God’s Almost Chosen Peoples:
A Religious History of the American Civil War.

By George Rable.

Review by Timothy Morriss.

GOD'S ALMOST CHOSEN PEOPLES - RableGod’s Almost Chosen Peoples:
A Religious History of the American Civil War.

George Rable.
Hardback: U of NC Press, 2011.
Buy now: [
Amazon – Hardback ][ Amazon – Kindle ]

Modern claims by religious leaders to understand particular events, normally natural disasters, as acts of God’s judgment, are widely attacked and dismissed in our modern culture.  Believers today are encouraged to see providence in their daily lives, but not necessarily in the larger movements of history.  The historical profession is not interested in tracing the ways of God amid the courses of history.  Maybe that lack of interest has partially blinded the profession to providential understanding of history that dominated earlier generations.  Today we, probably wrongly in the aftermath of world events, feel so much more in control of history and of our fate.  But previous generations, unable to create meaning with the iPad, looked to the workings of providence.  This was especially true for the Civil War.

Of making books on the American Civil War there is no end.  Interest in this conflict, which broods over American history, has created a vast marketplace for books, but only a small fraction of the total books published have touched on the religious dimensions of the war.  These books have focused on denominational history, have reviewed apocalypticism, have investigated the role of chaplains and revivals, and, in one of the most recent and best, Harry Stout’s Upon the Altar of God, examined the war according to traditional just war theory.  But, until George Rable’s work, no one has attempted a religious history of the entire Civil War.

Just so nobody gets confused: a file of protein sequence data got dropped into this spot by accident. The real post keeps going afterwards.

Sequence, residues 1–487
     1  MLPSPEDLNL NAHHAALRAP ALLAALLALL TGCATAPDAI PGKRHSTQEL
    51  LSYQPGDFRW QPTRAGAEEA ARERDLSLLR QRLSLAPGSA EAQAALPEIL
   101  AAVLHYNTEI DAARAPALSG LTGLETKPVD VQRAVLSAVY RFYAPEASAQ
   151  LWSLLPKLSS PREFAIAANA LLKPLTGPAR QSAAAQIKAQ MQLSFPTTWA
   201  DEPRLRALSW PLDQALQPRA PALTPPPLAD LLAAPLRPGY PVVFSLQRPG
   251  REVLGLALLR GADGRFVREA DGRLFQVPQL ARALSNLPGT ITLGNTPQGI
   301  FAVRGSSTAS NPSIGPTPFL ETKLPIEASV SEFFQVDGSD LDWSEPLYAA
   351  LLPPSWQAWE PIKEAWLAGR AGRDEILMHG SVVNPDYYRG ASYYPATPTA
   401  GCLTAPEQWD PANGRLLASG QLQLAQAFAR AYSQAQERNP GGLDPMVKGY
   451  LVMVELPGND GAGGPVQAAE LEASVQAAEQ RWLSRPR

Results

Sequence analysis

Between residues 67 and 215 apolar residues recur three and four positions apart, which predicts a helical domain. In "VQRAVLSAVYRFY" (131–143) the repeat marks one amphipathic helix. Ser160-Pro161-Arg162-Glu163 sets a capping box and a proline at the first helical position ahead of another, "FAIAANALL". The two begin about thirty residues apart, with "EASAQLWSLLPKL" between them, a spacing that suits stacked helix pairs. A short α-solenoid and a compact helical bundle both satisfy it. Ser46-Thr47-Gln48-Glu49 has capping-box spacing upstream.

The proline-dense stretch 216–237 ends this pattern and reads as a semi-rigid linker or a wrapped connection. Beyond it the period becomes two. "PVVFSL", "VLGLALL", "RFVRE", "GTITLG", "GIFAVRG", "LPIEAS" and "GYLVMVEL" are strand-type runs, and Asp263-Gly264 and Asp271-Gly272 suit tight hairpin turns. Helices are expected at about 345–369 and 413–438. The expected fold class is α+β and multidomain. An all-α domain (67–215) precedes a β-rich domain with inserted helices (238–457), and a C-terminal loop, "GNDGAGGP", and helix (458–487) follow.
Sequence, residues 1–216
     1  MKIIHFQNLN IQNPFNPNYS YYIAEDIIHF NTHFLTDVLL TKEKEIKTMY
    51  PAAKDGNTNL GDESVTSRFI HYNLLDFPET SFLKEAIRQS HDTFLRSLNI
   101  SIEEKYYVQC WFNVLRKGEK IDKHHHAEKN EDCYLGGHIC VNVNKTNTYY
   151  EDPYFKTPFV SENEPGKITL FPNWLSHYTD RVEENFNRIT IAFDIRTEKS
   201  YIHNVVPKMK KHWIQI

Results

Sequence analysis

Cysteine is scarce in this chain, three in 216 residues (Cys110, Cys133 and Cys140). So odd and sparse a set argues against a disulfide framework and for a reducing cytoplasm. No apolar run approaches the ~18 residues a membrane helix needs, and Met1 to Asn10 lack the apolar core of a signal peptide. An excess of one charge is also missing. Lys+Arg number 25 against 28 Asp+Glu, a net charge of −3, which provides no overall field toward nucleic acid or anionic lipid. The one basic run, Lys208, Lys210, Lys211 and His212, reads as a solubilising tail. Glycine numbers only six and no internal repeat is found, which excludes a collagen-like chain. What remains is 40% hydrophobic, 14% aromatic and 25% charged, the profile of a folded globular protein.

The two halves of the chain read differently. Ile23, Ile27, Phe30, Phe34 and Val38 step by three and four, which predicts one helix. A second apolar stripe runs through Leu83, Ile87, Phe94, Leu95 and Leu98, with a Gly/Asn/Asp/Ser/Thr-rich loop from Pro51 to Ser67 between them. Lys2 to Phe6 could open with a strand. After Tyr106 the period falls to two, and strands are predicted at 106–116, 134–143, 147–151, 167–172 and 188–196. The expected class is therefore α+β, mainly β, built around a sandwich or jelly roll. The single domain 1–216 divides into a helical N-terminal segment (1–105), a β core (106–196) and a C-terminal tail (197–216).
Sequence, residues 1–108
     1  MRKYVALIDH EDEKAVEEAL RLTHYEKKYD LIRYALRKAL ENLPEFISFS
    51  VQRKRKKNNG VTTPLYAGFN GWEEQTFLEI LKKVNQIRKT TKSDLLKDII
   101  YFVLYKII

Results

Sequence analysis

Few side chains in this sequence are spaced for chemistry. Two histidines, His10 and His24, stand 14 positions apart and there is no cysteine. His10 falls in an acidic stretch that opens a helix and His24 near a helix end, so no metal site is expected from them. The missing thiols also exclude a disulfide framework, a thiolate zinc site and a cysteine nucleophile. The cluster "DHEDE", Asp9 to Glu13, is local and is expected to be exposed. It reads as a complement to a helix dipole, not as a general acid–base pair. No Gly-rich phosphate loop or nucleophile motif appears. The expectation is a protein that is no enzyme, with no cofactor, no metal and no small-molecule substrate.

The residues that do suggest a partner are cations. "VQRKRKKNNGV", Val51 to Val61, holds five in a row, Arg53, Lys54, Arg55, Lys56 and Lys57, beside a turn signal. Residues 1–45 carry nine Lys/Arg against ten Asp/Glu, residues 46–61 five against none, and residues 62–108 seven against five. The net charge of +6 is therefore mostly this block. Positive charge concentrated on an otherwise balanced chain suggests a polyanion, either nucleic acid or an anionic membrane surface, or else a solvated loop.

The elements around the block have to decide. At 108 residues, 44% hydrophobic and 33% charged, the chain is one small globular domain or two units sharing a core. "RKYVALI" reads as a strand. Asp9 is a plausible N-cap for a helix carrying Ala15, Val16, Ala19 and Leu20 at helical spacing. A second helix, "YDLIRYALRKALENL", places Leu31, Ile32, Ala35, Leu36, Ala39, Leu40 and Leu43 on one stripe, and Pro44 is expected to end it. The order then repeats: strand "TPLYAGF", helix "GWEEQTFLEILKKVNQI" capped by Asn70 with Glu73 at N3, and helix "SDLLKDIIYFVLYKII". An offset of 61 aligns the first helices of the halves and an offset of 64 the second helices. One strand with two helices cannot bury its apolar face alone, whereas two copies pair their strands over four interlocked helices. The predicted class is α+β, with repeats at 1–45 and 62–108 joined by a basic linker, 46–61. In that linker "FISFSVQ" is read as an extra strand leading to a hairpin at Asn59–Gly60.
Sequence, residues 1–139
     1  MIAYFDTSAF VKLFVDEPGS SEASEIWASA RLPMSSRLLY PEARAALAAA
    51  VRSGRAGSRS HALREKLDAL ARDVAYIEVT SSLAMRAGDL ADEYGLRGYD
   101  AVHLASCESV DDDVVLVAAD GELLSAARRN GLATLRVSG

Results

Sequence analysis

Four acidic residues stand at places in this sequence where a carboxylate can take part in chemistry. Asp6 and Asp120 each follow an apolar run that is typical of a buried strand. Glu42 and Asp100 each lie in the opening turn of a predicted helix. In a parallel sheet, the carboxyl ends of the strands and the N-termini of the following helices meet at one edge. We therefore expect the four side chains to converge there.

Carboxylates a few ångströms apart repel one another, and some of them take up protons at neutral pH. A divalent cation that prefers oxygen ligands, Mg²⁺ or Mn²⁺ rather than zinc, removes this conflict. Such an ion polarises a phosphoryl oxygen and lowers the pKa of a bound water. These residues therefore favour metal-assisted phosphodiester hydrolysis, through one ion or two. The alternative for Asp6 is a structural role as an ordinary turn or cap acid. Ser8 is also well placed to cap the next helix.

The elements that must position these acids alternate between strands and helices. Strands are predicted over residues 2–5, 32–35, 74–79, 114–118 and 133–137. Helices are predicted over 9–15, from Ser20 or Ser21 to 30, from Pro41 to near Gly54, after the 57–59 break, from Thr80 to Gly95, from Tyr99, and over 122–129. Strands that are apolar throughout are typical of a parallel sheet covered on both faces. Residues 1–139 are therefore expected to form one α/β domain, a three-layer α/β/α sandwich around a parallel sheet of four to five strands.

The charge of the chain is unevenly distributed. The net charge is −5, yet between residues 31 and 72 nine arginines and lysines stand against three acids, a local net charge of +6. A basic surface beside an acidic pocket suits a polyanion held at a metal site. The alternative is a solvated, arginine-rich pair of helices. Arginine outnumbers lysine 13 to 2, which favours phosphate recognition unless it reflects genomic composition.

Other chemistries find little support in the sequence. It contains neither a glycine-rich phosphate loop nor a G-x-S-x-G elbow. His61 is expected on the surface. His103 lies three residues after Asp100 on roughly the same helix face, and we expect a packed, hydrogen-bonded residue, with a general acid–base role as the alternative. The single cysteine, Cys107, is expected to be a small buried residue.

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“Trial and Error

A Yoderian Rejoinder to
Leithart’s DEFENDING CONSTANTINE.


By John  C. Nugent.

Defending Constantine.
Peter Leithart.

Paperback: IVP Books, 2010.
Buy now: [ ChristianBook.com ]

[ Peter Leithart’s response has been posted here… ]

Constantine on Trial

Those looking for another excuse to dismiss John Howard Yoder are sure to find it in Peter J. Leithart’s Defending Constantine: The Twilight of an Empire and the Dawn of Christendom. Though Leithart takes Yoder quite seriously, those less familiar with Yoder’s work may be left with the unfortunate impression that he was a sloppy thinker, blinded by the pacifism of a naïve tradition, and ignorant of the complexities of history. I am sure this is not Leithart’s intention. Leithart, however, does intend to start a “fight” (10) and his admittedly polemical tone sometimes borders on patronizing his primary foe along with his Anabaptist heritage. This should not detract readers from hanging in there with this rather long work. Some of its most stimulating suggestions come near the end. Leithart’s well-crafted and articulate case deserves more than a series of brief reviews; it requires substantive rejoinders both to his historical portrait of Constantine and his theological critique of Yoder. Though no one can speak for Yoder, least of all me, I will nonetheless enter the fray by presenting Leithart’s basic case and evaluating its polemic against Yoder and those who share similar convictions about faith, history and social ethics.